Construction is underway on the rPlanet Earth facility in Vernon, Calif.

Construction is underway on a massive Los Angeles-area plastics recycling facility that will take PET bales all the way to bottle preforms, extruded sheet and thermoform packaging.

The 302,000-square-foot facility in Vernon, Calif. is being built for a new company, rPlanet Earth. Taking in baled post-consumer PET, including material from curbside collections, the plant will sort, wash, decontaminate and convert it into food and drink packaging. It will melt flakes for molding and extruding, skipping a pelletizing step.

The company’s products will be made from RPET flakes and, at customers’ requests, may contain virgin PET, but rPlanet Earth won’t sell flakes or pellets.

“When we were looking to put this together, we thought that that business model made the most sense and would make the company sustainable from an operations and profitability standpoint, where some other folks struggle that only produce a flake or a pellet,” said Bob Daviduk, co-CEO of rPlanet Earth. “We don’t believe that the flake or pellet business is a good one to be in over the long run.”

Joe Ross, co-CEO, noted that when you sell a pellet it could be used to make carpet or any number of industrial products, but major retailers want to have true closed-loop systems.

Large-scale facility

The first phase, which will be capable of taking in bales and manufacturing finished products, is scheduled to come on-line in the second quarter of 2018, Daviduk said. It will be capable of producing about 80 million pounds of finished product per year.

The building is being designed to accommodate a second phase capable of generating at least the same volume. The structure will also provide a new headquarters for rPlanet Earth.

Construction contractor Xebec Building Co., one of the companies working on the project, noted the site’s proximity to the L.A. and Long Beach ports and multiple freeways.

Daviduk said rPlanet Earth has already invested substantial sums of money. Last year, it invested about $35 million. By the end of this year, it expects to spend another $55 million, and next year it anticipates spending another $10 million to $15 million, he said, for a total expected investment of more than $100 million.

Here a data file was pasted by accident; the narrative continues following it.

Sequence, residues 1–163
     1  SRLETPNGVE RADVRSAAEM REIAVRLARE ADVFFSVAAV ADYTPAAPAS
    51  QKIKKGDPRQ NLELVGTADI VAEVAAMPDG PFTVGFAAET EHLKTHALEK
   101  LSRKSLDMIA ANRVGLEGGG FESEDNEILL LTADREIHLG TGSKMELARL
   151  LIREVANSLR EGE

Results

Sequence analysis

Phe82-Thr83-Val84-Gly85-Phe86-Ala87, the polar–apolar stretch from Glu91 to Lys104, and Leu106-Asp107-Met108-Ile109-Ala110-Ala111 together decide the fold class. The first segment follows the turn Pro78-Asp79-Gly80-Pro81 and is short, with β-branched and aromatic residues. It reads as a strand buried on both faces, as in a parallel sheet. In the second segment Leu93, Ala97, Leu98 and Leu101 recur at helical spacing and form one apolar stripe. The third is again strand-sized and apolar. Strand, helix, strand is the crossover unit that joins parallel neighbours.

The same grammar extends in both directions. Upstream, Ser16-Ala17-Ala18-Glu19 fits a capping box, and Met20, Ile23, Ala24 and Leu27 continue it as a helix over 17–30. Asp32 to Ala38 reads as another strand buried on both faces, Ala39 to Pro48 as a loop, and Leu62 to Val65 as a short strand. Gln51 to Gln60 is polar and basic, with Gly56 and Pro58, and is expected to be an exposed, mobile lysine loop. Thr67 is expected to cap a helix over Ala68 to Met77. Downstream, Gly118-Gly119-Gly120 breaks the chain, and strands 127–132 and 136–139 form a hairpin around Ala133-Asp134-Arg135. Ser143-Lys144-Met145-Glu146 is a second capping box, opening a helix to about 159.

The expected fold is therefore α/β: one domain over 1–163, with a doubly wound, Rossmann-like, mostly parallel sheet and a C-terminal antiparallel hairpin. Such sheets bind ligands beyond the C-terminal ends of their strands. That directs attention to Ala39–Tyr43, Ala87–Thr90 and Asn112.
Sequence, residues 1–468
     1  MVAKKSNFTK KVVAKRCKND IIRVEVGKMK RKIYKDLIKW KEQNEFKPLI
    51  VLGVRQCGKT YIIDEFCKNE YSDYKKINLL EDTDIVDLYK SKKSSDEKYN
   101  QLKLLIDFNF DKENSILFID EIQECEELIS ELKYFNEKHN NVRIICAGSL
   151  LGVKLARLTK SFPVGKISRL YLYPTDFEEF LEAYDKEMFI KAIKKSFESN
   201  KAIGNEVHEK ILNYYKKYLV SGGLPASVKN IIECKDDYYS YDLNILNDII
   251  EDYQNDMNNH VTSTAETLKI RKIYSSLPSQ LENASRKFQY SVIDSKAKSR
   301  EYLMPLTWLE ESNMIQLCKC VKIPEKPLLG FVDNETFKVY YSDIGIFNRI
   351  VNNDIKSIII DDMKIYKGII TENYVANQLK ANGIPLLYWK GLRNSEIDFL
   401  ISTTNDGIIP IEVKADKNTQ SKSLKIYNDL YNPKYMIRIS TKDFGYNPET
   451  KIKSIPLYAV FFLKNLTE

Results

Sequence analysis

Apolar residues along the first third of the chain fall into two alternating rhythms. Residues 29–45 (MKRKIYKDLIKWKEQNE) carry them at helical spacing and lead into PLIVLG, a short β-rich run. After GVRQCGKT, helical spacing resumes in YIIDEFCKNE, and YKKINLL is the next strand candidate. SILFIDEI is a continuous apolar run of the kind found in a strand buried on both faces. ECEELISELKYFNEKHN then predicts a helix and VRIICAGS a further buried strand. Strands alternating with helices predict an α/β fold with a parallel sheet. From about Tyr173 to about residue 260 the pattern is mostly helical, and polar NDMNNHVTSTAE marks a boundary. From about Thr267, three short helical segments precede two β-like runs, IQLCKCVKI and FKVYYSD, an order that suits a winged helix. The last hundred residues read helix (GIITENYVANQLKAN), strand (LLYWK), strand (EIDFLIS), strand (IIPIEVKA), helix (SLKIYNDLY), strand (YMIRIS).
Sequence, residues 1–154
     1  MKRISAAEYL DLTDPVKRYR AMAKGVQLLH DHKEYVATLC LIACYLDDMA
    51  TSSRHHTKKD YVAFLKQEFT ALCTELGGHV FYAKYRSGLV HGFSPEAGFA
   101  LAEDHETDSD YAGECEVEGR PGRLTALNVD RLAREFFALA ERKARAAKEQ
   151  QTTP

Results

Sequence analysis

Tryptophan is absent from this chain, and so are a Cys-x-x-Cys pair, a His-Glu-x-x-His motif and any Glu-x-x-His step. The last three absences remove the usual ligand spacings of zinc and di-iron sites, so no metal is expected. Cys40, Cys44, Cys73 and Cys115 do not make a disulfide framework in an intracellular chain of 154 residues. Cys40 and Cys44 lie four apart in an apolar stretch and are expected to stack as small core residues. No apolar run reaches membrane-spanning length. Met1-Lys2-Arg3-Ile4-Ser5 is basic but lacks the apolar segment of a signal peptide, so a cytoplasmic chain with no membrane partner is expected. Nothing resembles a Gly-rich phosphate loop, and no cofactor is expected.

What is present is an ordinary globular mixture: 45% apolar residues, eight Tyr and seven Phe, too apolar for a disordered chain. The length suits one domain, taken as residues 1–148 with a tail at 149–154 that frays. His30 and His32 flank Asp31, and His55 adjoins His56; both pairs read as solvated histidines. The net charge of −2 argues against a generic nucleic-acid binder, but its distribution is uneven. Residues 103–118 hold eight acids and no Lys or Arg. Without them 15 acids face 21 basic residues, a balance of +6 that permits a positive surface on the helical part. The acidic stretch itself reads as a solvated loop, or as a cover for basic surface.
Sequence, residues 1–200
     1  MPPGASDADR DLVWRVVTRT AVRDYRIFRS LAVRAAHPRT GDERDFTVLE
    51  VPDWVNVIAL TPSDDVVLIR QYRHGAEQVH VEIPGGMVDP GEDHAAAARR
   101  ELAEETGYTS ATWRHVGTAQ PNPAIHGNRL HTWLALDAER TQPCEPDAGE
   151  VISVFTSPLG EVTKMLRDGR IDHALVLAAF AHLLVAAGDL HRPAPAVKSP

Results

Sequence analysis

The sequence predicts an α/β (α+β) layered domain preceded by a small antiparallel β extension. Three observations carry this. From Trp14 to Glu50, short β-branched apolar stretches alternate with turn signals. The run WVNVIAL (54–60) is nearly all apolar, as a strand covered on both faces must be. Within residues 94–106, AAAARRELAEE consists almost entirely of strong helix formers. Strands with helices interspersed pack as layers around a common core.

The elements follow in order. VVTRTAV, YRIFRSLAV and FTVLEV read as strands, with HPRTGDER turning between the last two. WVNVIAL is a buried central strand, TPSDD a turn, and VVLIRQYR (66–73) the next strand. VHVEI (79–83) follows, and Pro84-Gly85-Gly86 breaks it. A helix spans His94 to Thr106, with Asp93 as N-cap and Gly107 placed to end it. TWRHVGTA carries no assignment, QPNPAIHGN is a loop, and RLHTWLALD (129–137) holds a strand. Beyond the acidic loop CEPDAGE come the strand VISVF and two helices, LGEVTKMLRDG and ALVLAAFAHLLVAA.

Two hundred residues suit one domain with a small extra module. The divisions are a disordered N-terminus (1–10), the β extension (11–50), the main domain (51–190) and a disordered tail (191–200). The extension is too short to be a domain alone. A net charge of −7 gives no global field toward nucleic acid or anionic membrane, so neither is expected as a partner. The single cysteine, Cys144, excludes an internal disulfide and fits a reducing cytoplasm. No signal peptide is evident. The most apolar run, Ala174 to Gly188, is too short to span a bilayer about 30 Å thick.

“It’s a huge investment. It’s a huge commitment to increasing the supply of recycled content out in the marketplace – and high-high-quality recycled content,” Daviduk said. “Obviously good enough that we believe we’ll meet any brand owners’ specifications.”

A rendering of the completed rPlanet Earth facility.

Ross noted rPlanet Earth will use Krones’ bottle-grade flake production technologies, which have achieved scientific approval with Coca-Cola. Ross has prior experience in the packaging world, including with companies producing recycled-content PET products.

Advanced technologies

The technology rPlanet Earth is implementing has a green light from the U.S. Food and Drug Administration to produce food- and beverage-contact products.

The front-end sorting system will be provided by Eugene, Ore.-based Bulk Handling Systems. In addition to processing PET collected through bottle redemptions, rPlanet Earth plans to run Grade B material from curbside programs through the plant. That means they need a robust sorting system up front to remove non-PET plastics, Daviduk said.

He noted that China’s ban on recovered plastic imports is “a big positive for us.”

“A lot of Grade B material was shipped to China, and now you’ve got a major buyer that’s effectively out of the market,” he said.

Germany-based packaging and bottling machine company Krones is providing the wash line and decontamination system. The flakes will be decontaminated at 200 degrees Celsius under vacuum. Equipment companies Welex, Lyle and Husky are providing the sheet, thermoform and bottle pre-form equipment, respectively.

“We really are a technology company,” Daviduk said. “We’re going to bring technology to bear to improve the way that post-consumer PET is recycled. We’ll have the lowest carbon footprint of any packaging out in the marketplace because of the way we’re putting the plant together.”

The percentage of recycled content in its products will depend on the customer’s desires, but the facility will be able to generate 100 percent RPET products, Daviduk said.

Financing support

The project has received financial support from the state and federal governments.

It received $20.5 million in low-cost debt financing through the U.S. Treasury Department’s New Market Tax Credit (NMTC) program, which is designed to spur investments in low-income communities. Additionally, the California Department of Resources Recycling and Recovery (CalRecycle) provided $2 million in low-interest loans through its Recycling Markets Development Zone program. The state has also approved sales tax breaks for the construction project.

Daviduk said the support helps secure interest rates below what the market is willing to provide, given rPlanet Earth’s lack of operating history. He has extensive experience in the finance world.

The company is also receiving additional financing, with Daviduk noting that rPlanet Earth has two “deep-pocketed institutional investors” supporting it.

Daviduk sees strong demand for rPlanet Earth’s products in the market in the future. In reading sustainability reports from major companies, he often hears them say they’d use more RPET if it were available, competitively priced and of high quality.

Ross said the rPlanet Earth team is having conversations with a number of major companies.

“They know that we’re coming and they’re very interested,” Ross said. “And we’re working not only with R&D but also with purchasing departments in all of these opportunities.”


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